People often dream of exploring their home city, turning it into a romantic destination that can be experienced with fresh eyes of a tourist. See the sights! Eat in the finest restaurants! Go to sporting events! Shop till you drop! Relax in the plushest of hotels! And over drinks in the bar, at the end of tiring day, look at each other with wonder, and state, "You know, honey, this is a pretty damn fine place to live after all!"
We, on the other hand, are camped out at the Microtel Inn on McCutcheon Road near the mall.
It is the cheapest hotel in the city. I know that for a fact because on Hotels.com, I chose to have the hotels listed from cheapest to most expensive. So Microtel is at least the cheapest hotel in town that advertises nationally. It is so cheap that it doesn't have an entrance; at least, that's what we concluded the first 10 minutes that we spent looking for it in an area we have driven through regularly for the past 25 years. "It must cost a lot to pay for one of those major accesses," my wife said.
Because we have had our wood floors stained and refinished, and our house emits an invisible but toxic polyurethene cloud, we are living in a motel.
My daughter has fled to her friend's house.
Our hotel is a place where we run the air conditioning, not for the coldness, but to drown out the crying baby somewhere in a nearby room. The hallways smell like the oldest of smoke and some undefinable foulness that lurks even beneath that. The woman at the counter, when I asked if I should sign the receipt after she ran my credit card ($10.93 extra per night if you have a pet), gave me a lazy, empty smile and replied, "If you want to."
And yet, we cannot complain, for surely, among the power company contractors, fly-by-night businessmen and other denizens of the hotel, we have been given the finest accomodations--the handicapped suite. They say if you want a good dorm room in college, tell them that you have allergies. Well, if you want a good hotel room, tell them....Wait. We didn't tell them anything. We just got the handicapped suite. And believe me, we aren't complaining. Plenty of room to move around and a shower where you could hold a party, complete with benches and a portable sprayer. I'm not saying if we did or if we didn't.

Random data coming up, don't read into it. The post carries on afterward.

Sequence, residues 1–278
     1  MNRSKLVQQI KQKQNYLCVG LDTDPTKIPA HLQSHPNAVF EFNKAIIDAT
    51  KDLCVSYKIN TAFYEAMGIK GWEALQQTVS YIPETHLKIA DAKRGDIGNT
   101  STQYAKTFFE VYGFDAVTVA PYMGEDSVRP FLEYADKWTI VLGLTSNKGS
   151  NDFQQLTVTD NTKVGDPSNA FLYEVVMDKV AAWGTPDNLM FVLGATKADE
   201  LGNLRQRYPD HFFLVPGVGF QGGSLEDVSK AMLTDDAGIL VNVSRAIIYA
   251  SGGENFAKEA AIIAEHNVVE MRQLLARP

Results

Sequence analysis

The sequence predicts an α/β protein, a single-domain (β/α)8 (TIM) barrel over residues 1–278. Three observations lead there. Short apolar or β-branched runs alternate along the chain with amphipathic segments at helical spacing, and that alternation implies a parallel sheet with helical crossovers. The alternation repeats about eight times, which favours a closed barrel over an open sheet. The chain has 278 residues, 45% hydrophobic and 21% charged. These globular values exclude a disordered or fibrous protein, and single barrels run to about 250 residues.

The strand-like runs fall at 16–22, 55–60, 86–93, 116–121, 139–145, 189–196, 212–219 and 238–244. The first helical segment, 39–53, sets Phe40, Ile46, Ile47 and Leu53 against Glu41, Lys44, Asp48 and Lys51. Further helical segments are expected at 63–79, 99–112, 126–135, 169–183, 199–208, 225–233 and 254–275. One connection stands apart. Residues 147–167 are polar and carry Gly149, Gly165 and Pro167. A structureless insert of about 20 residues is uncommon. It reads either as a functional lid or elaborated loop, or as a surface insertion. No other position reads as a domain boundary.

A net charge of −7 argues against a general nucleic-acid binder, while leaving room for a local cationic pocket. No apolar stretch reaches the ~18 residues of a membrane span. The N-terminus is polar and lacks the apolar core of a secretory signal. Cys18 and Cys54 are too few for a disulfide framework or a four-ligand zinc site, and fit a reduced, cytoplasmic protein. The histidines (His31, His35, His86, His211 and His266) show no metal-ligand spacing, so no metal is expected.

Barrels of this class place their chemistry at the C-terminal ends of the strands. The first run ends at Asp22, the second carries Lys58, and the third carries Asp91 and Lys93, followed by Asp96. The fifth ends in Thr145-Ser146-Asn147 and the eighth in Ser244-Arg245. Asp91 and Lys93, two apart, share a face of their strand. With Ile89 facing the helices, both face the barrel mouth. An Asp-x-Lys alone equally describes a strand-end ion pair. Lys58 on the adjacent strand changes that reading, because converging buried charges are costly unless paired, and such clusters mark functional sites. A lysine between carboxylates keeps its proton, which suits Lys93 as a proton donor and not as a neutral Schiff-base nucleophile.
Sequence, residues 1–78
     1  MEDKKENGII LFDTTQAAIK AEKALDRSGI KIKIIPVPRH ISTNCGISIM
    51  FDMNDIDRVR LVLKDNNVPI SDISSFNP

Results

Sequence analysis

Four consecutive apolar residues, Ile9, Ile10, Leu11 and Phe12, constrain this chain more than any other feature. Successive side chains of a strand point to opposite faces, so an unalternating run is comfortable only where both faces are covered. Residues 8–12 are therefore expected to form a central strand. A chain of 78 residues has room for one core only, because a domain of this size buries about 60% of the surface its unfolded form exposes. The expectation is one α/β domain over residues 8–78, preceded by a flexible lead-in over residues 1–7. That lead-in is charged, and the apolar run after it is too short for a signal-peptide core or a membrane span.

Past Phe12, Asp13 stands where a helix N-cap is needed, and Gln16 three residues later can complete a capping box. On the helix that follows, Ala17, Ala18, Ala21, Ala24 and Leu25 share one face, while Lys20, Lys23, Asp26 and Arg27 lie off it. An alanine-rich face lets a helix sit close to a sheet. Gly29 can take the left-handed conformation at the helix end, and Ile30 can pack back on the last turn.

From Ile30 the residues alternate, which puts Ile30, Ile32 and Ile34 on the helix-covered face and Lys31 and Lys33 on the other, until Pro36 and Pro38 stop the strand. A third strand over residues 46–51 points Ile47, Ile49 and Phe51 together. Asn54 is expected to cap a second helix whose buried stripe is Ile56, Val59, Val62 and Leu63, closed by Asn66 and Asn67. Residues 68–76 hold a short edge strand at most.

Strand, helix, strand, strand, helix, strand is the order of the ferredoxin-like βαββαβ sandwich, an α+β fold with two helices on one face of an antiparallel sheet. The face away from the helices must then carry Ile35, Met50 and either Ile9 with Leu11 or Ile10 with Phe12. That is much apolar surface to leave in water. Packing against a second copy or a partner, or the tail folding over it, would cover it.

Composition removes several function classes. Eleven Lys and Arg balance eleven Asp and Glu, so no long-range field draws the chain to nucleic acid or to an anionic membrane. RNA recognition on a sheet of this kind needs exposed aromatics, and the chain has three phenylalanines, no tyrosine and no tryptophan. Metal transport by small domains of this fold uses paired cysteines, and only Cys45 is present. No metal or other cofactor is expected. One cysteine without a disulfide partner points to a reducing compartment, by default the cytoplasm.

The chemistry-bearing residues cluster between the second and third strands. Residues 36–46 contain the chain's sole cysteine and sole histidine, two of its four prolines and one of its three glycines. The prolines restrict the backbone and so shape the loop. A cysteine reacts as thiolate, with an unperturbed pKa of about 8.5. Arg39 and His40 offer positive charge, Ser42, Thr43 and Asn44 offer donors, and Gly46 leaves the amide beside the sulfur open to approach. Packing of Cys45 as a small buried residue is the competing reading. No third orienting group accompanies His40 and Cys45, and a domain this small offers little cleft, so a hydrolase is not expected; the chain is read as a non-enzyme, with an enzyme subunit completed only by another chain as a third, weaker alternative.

It's funny how when you settle in a hotel, a certain mindset takes over, almost kind of an on-the-road mindset. You don't want to drive anywhere, you don't want to stay out late, you've just plain had enough and are satisfied with whatever the offerings are at your exit. After all, we are staying just off the interstate.
We finally got into our room about 7Pm last night, and, yesterday being Mother's Day, I wanted to take the mother of my children someplace nice for dinner, someplace like Bud's. But you know what? Once we got in that room, like a couple of weary travelers, we started reviewing the choices nearby--Wendy's, Fazoli's, Applebee's, Cracker Barrel. And, stacked against the competition, that darn Cracker Barrel started sounding pretty good. So before we knew it, we were tucking in to chicken, coleslaw, mac 'n cheese, biscuits, pintos, greens, corn, and the like, and slugging down sweet tea to beat the band. Finally, I was so sated, I was ready to hop in the car and put in another three hours on the road.
But, alas, our hotel, our home, our lives waited just a block and a half away. And that bed we wouldn't have to make, those way more pillows than we needed, those mirrors everywhere, and the mindless allure of a TV controller that felt like the gateway to other worlds all beckoned to us. And so we went back to those beds and fell soon into gentle slumbers with the drone of the television in the background, the job of actually turning it off too overwhelming to contemplate.
But for the constant low growl of our dog, reminding us that there were strangers living, breathing, talking, walking, crying, and clunking around all around us, you might have thought that this is our home. Oh, yeah. It is.